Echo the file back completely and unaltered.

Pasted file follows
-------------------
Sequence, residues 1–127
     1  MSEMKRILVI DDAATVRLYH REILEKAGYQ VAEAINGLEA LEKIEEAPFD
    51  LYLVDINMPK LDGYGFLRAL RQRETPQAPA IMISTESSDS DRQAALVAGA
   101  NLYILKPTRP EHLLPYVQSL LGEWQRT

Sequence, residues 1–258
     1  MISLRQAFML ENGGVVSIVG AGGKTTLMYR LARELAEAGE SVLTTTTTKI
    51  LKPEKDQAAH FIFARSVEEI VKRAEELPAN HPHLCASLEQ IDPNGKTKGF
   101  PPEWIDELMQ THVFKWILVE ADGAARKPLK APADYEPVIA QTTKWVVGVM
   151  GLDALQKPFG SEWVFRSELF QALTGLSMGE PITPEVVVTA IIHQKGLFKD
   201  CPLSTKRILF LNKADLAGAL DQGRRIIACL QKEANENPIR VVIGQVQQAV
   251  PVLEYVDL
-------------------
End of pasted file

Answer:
Sequence, residues 1–127
     1  MSEMKRILVI DDAATVRLYH REILEKAGYQ VAEAINGLEA LEKIEEAPFD
    51  LYLVDINMPK LDGYGFLRAL RQRETPQAPA IMISTESSDS DRQAALVAGA
   101  NLYILKPTRP EHLLPYVQSL LGEWQRT

Sequence, residues 1–258
     1  MISLRQAFML ENGGVVSIVG AGGKTTLMYR LARELAEAGE SVLTTTTTKI
    51  LKPEKDQAAH FIFARSVEEI VKRAEELPAN HPHLCASLEQ IDPNGKTKGF
   101  PPEWIDELMQ THVFKWILVE ADGAARKPLK APADYEPVIA QTTKWVVGVM
   151  GLDALQKPFG SEWVFRSELF QALTGLSMGE PITPEVVVTA IIHQKGLFKD
   201  CPLSTKRILF LNKADLAGAL DQGRRIIACL QKEANENPIR VVIGQVQQAV
   251  PVLEYVDL